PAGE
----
It has started snowing in the Philadelphia region and already the first major winter storm of the season has had a paralyzing effect.

All flights in and out of Philadelphia International Airport have been canceled for Saturday and SEPTA will suspend Regional Rail, bus and trolley operations at 4 a.m. NJ Transit is shutting down at 2 a.m.

States of emergencies are in effect in Pennsylvania and New Jersey and motor vehicles accidents are being reported around the region.

An already major-snow threat took a more menacing turn earlier Friday, and the latest projections say we could see from 15 to 20 inches of snow by the time the storm ends Sunday morning with dangerous blizzard conditions during the day Saturday.

Widespread power outages are possible.

Here's the latest information on the storm prep in the Philadelphia area.

Mass Transit

SEPTA: SEPTA will suspend service on all operations except on the Market-Frankford and Broad Street Lines starting at 4 a.m. Saturday with the aim of resuming operations Sunday. The subway/el lines will run continuously while the other services are suspended. www.septa.org

PATCO: PATCO has posted a special snow schedule for the weekend at its website, www.ridepatco.org.

NJ Transit: System will suspend operations at 2 a.m. Saturday.

Amtrak: Acela Express, Northeast Regional, and other services from Virginia to Boston, and Keystone service from Harrisburg to New York, will operate on modified schedules through the weekend with fewer trains. Most Northeast Corridor service between Washington and Boston will operate as scheduled Friday. www.amtrak.com

Weather

Snow began in the Washington area at midafternoon and hit Philadelphia after nightfall.

The National Weather Service has placed the entire region under a Blizzard Warning. The outlying areas are under Winter Storm Warning, a scaling back from Thursday. A Coastal Flood Warning also will be in effect at the Shore and along the Delaware Bay.

A Blizzard Warning means there is a potential for strong winds and heavy and blowing snow. Winds of 20 to 30 mph, with frequent gusts of up to 40 mph, will reduce visibility to a quarter-mile or less at times.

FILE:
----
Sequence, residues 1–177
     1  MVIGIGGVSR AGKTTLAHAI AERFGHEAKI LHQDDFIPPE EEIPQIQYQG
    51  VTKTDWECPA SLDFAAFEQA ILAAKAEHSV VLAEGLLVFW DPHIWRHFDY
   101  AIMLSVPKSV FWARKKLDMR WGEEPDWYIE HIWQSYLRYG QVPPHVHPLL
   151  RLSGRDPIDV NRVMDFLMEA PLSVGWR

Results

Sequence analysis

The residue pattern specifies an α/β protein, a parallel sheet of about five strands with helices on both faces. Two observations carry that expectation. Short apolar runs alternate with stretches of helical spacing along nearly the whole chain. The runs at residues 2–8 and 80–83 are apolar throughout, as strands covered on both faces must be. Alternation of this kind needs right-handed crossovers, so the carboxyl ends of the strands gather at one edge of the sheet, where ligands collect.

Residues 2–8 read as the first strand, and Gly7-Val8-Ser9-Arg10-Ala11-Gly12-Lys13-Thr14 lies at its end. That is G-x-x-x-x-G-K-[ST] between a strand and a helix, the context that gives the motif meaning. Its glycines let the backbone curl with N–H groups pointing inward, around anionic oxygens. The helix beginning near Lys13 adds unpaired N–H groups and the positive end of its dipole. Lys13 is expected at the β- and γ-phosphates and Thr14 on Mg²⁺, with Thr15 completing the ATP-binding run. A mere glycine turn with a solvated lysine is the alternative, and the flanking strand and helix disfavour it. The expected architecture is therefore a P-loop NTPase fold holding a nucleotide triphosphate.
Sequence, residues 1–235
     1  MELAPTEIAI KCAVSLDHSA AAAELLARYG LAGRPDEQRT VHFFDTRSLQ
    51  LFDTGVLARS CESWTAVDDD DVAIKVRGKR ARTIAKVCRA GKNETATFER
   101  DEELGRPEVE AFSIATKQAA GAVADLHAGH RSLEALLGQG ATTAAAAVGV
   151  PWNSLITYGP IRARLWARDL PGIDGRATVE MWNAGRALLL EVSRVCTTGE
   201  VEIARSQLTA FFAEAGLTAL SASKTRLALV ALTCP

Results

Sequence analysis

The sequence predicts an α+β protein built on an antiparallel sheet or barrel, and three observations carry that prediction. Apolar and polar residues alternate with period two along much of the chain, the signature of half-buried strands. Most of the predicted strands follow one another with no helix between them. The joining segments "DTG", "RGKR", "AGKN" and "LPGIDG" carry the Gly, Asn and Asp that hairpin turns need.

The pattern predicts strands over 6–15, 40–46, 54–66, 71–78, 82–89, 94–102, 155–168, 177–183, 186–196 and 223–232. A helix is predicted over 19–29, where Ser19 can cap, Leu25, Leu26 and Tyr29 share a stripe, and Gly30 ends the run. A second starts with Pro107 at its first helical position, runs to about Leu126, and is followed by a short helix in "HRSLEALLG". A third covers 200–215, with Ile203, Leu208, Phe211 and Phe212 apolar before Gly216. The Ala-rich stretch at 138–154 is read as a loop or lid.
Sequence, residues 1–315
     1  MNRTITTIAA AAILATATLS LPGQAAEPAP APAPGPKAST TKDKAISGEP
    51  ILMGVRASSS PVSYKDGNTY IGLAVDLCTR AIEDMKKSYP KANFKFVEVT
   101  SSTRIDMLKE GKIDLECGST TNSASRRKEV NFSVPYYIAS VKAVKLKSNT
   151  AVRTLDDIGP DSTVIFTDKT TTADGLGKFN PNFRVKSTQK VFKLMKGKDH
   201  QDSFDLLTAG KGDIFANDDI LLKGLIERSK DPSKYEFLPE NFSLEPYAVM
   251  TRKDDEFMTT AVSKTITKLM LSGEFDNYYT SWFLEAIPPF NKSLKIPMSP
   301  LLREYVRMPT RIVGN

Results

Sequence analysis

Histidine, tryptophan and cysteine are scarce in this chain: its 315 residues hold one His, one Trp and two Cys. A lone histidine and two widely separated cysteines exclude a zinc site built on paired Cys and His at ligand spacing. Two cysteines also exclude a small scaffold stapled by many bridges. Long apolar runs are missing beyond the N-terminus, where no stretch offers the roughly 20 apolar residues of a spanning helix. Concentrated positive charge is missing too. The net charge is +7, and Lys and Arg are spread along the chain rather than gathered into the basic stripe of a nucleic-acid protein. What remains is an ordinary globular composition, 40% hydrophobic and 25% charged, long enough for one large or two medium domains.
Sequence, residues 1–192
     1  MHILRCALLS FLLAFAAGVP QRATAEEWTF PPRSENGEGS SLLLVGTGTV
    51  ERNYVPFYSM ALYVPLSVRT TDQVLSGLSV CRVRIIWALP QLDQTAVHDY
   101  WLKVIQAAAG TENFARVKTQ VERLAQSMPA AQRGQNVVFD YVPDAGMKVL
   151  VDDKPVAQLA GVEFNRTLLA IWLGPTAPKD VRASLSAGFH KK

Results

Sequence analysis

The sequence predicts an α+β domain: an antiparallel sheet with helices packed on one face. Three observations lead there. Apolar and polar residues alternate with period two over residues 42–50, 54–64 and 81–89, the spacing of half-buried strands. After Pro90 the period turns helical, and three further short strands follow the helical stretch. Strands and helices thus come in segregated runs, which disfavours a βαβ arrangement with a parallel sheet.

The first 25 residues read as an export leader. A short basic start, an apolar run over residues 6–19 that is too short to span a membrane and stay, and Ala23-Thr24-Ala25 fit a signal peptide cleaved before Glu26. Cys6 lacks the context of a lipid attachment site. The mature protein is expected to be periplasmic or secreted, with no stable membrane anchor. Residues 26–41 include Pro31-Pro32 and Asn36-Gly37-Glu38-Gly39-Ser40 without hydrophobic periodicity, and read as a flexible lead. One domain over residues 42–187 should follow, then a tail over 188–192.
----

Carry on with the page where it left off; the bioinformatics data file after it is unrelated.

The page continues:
A Coastal Flood Warning means moderate coastal flooding is imminent and there may be localized areas of major coastal flooding. The coastal flooding could last for three consecutive high tides with water remaining trapped along the coast, and in the back bays and estuaries.

Government Actions

Philadelphia declared a snow emergency effective 9 p.m. banning parking on snow emergency routes. Parking Authority lots will offer 24-hour parking for $5 starting at 5 p.m. City Managing Director Mike Deberardinis urged residents to stay indoors and off the roads. Libraries and rec centers will be closed. Trash will not be collected Saturday. There will be no rear driveway collections next week. Those residents should put their trash out front.

Gov. Wolf's state of emergency, announced Thursday, enables state and local authorities to respond to any unmet needs as quickly as possible. For example, laws requiring bidding for services or supplies are suspended during the emergency.

New Jersey Gov. Christie returned suddenly from campaigning in New Hampshire and declared a state of emergency.

Municipalities surrounding Philadelphia also announced snow emergencies.

A Code Blue alert is in effect in most counties to provide shelter to the homeless or those without heat.

Highways

Crews have already started treating some roadways in advance of the storm. Officials in Pennsylvania and New Jersey have unleashed an an armada of plows and salt trucks, but accidents are being reported on highways in New Jersey and Pennsylvania.

Airlines

Philadelphia International Airport (www.phl.org) says all flights have been canceled for Saturday.

Bike Share

Indego, Philadelphia's bike-share system, said suspended service at 6 p.m. Friday. www.rideindego.com

Utilities

Utilities are monitoring forecasts and preparing for the storm. Crews backed by contractors will be on duty throughout the weekend. Local utility companies said they were prepared with extra staff, fueling trucks and spare equipment.

High winds and heavy, wet snow - the sort of conditions that are expected - can weigh down tree limbs and bring them into contact with power lines causing power outages. It also can bring down compromised trees. Outages can also occur due to drivers skidding into utility poles along icy and snow-covered roads.

Utility companies warned that snowy and icy conditions could make it difficult for crews to travel quickly, but said they would respond to emergencies 24/7.

Postal Service and Deliveries

Postal Service carriers will attempt to make deliveries wherever possible. The Postal Service is asking customers to help with the safe delivery of mail by keeping walkways and sidewalks clear of snow and ice. Letter carriers are instructed to use good judgment, if a potential hazard exists, and to hold mail to addresses where ice and snow are not cleared.

UPS said it would post zip codes online if there were areas where pickups and deliveries weren't being made because of weather conditions. The carrier said it was monitoring the storm and shipments would be made as conditions permitted.

Archdiocese of Philadelphia

The Archdiocese said priests will as much as possible maintain Sunday mass schedules. While there is no dispensation from attending mass, there are "legitimate circumstances" under which individuals can excuse themselves "without offending God and incurring any serious sin."

"In the face of the impending storm, Catholics of all ages - but especially the elderly - are advised to use extreme caution when making the decision about attending Mass," the archdiocese said in a statement.